• Reduces the risk of coronary heart disease, heart attack, diabetes, osteoporosis, high blood pressure, and obesity
  • Increases life expectancy; studies have shown that routinely exercising 65 year olds can expect an additional 12.7 years of healthy life, i.e., live disability-free until age 77.7, and that highly active 65 year olds can add an additional 5.7 years of remain disability free until age 83
  • Increases energy levels, improves mood, decreases fatigue and exhaustion
  • Enhances sexual enjoyment and capacity via better respiratory conditioning and circulation
  • Improves the quality of sleep quality, and some researchers have found that morning exercise helps to better set the body’s clock each day promoting greater daily alertness and deeper sleep
  • Helps prevent cognitive impairment; keeps the brain sharp for better concentration, decision-making, and strategy development while reducing the risk of dementia and cognitive decline
  • Improves the immune system, making one more resistant to catching colds and helping them recover quicker from sickness
  • Reduces the risk of falls and bone fractures by helping to maintain equilibrium (the sense of balance), which naturally diminishes with age

Anti-Aging and Diet 

As evidenced above, and should be overtly apparent by now, anti-aging is best viewed as a group of whole body practices that return whole body results.  Nowhere is this truth more obvious than in the area of diet.  Of course eating the right foods helps nourish the body, but a healthy diet can also make one look better (external benefits) and feel better (internal benefits) as it effectively slows the aging process throughout the body.

Dietarily speaking, the best anti-aging diet is one in which the individual is as aware of what to eat liberally and why, as he or she is of which to foods to limit.


  • Drinking plenty of water will help prevent dehydration – a condition that can drain energy and cause skin to dry out.  If exercise is long and/or intense, or if work is outdoors in excessive heat, be sure to periodically supplement water with a good source of electrolytes.
  • The fortified vitamin D and calcium in dairy foods are vital to strong bones, which helps prevent osteoporosis.
  • Fatty acids found in all varieties of nuts are among the healthiest in nature.  One study demonstrated that snacking on nuts reduced the risk of high cholesterol and high blood pressure by approximately 20%.
  • Consuming whole grains rich in fiber like oats, quinoa, barley, wheat, and brown rice lower the risk of type 2 diabetes and keeps blood vessels in peak condition.
  • Foods dense in specific nutrients can protect vision and hearing, preserve memory and defend against Alzheimer’s.  Consuming a healthy, well-rounded diet is one of the best anti-aging practices.
  • Omega fatty acids in fish and flaxseed oils protect the heart by reducing the risk of stroke.
  • Beans and lentils provide high concentrations of plant-based protein, serving as a viable alternative to red meat, which is linked to heart disease and diabetes.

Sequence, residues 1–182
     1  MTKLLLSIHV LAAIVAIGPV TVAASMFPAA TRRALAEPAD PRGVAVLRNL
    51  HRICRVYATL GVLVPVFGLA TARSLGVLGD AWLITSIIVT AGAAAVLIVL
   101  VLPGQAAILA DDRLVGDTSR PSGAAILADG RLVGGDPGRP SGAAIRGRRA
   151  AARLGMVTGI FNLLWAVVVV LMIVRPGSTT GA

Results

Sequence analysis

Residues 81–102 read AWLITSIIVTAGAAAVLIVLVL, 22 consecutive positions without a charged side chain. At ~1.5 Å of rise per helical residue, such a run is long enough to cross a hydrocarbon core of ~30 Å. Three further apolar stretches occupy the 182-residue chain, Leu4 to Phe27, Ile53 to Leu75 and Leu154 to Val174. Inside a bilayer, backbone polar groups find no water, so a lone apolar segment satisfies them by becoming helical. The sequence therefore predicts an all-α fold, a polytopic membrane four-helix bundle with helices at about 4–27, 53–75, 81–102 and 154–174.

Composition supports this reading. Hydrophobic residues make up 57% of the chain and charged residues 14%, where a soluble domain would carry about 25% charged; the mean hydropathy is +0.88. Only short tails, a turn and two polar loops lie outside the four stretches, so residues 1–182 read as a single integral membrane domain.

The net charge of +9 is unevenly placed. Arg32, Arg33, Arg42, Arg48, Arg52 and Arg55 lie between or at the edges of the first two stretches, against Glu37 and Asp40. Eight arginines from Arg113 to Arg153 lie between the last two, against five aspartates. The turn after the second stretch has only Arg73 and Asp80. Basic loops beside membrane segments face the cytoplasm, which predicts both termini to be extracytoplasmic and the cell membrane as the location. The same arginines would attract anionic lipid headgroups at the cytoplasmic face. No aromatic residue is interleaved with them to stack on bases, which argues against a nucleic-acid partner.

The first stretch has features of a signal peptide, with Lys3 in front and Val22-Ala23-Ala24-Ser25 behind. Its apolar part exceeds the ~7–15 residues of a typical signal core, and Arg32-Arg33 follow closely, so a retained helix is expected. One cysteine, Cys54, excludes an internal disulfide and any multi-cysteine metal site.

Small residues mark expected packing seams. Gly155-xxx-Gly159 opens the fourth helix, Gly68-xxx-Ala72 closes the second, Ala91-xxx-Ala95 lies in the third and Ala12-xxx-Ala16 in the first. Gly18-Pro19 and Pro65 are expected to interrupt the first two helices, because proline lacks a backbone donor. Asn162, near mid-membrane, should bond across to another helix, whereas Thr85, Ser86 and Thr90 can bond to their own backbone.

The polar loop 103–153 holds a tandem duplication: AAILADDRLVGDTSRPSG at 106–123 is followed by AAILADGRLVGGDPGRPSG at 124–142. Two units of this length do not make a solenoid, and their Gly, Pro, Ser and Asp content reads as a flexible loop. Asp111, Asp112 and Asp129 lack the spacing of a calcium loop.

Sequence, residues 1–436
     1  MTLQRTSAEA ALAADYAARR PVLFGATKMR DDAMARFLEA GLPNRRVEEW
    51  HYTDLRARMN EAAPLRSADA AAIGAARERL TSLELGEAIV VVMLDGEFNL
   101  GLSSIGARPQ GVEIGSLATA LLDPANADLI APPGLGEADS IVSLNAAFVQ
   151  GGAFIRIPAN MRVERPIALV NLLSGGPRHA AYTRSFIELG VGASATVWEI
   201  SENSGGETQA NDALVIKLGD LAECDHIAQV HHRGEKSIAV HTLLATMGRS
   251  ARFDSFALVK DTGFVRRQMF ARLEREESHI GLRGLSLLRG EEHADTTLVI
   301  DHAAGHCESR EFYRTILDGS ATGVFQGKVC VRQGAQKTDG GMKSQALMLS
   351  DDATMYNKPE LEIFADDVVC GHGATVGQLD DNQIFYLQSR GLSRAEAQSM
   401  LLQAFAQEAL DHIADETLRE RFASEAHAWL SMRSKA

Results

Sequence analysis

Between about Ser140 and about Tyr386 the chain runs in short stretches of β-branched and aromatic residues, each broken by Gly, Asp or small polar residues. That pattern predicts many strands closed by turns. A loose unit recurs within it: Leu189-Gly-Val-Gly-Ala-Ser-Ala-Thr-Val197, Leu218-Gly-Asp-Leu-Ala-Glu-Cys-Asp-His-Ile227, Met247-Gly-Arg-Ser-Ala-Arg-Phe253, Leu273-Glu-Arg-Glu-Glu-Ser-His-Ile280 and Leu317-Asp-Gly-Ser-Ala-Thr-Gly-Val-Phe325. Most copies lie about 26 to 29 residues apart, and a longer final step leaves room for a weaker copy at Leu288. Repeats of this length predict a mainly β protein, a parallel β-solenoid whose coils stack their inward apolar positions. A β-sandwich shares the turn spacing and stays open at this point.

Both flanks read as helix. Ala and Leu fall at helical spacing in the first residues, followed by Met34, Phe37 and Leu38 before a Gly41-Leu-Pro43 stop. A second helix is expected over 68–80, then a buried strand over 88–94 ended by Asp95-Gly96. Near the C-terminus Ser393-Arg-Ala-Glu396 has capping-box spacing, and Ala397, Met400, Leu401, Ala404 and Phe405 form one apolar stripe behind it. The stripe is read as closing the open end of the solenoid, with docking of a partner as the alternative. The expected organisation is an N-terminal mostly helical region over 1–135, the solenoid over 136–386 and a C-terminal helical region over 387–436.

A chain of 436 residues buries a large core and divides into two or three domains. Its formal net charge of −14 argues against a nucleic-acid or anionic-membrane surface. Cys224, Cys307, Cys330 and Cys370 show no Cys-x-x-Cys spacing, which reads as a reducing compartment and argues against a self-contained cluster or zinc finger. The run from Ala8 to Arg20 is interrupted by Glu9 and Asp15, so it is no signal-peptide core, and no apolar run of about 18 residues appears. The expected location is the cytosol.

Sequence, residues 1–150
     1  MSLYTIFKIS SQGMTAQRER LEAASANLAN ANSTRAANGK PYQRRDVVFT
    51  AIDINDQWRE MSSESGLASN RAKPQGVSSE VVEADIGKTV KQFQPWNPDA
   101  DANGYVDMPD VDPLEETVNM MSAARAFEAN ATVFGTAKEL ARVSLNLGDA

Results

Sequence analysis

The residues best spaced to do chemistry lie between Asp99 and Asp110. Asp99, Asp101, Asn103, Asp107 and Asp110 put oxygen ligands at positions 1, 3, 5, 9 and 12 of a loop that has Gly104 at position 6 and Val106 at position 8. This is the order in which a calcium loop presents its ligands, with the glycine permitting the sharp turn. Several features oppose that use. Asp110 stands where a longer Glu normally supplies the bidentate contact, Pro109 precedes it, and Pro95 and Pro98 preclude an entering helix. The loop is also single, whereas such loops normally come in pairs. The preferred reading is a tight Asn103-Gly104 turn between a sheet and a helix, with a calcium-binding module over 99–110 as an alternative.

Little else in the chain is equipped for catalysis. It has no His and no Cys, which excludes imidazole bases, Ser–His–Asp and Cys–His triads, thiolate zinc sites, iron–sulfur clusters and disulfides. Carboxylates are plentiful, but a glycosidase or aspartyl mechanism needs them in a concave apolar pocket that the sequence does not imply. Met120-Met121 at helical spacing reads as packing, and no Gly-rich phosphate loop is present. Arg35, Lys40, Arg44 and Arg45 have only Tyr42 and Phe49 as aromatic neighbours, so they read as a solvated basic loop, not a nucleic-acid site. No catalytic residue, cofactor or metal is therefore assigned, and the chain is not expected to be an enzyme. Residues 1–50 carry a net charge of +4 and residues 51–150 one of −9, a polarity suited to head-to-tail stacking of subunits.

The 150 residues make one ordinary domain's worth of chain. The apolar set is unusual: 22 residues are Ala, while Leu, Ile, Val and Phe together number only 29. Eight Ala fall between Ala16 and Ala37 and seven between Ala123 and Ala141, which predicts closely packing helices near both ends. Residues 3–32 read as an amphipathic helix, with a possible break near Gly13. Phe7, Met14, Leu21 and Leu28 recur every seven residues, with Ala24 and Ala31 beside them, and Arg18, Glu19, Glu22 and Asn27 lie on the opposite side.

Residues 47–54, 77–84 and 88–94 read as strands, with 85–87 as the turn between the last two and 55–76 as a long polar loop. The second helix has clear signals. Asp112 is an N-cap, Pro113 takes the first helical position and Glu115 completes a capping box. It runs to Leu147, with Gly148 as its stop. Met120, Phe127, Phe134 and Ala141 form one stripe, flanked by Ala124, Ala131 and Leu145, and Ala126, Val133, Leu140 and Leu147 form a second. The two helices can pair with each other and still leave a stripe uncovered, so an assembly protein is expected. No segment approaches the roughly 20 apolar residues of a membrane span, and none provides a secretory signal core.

• The antioxidants in richly colored fruits and vegetables, like berries, carrots, leafy greens, and tomatoes help stop hazardous molecules (free radicals) from damaging healthy cells.  Three particular antioxidants known as beta-carotene, vitamin C, and zinc help protect against the leading cause of blindness in adults over 65 years of age, a condition called macular degeneration.
  • Consuming fruits, vegetables, whole grains, fish, and nuts serve to protect against many chronic conditions including diabetes and heart disease.  By keeping blood vessels in top shape, these and other foods support heart health as well as that of every organ in the body.  Additionally, the consumption of dark green leafy vegetables like spinach, kale, collard, and mustard greens have even been shown to slow the progression of such conditions in people who already possess them.  A 2010 study of subjects who consumed lots of yellow and green vegetables benefited from enhanced vitamin C which preserves skin by promoting fewer wrinkles.
  • The potent antioxidant resveratrol, abundantly found in grapes and red wine, helps reduce the risks of cancer, heart disease, and premature aging.  Continue reading below. 


  • Consuming too much salt, a form of sodium, can increase blood pressure, which can be quite damaging to the body, in particularly the kidneys, eyes, and brain.  Limiting sodium intake to 2,400 milligrams a day, approximately 1 teaspoon of table salt is a sound practice.  It is also wise to become a label reader, one who checks nutritional value labels for the sodium content, especially within canned, frozen, and boxed foods.
  • Consuming too much sugar can cause peaks and valleys in energy levels (blood sugar concentrations) and has been proven to lead to insulin resistance, which can result in type 2 diabetes – a condition that damages blood vessels and often leads to heart disease.
  • Minimize the consumption of foods that are high in fat such as certain meats, dairy, and a wide variety of bakery products.  The saturated fat found in these foods can clog arteries, which can lead to heart problems.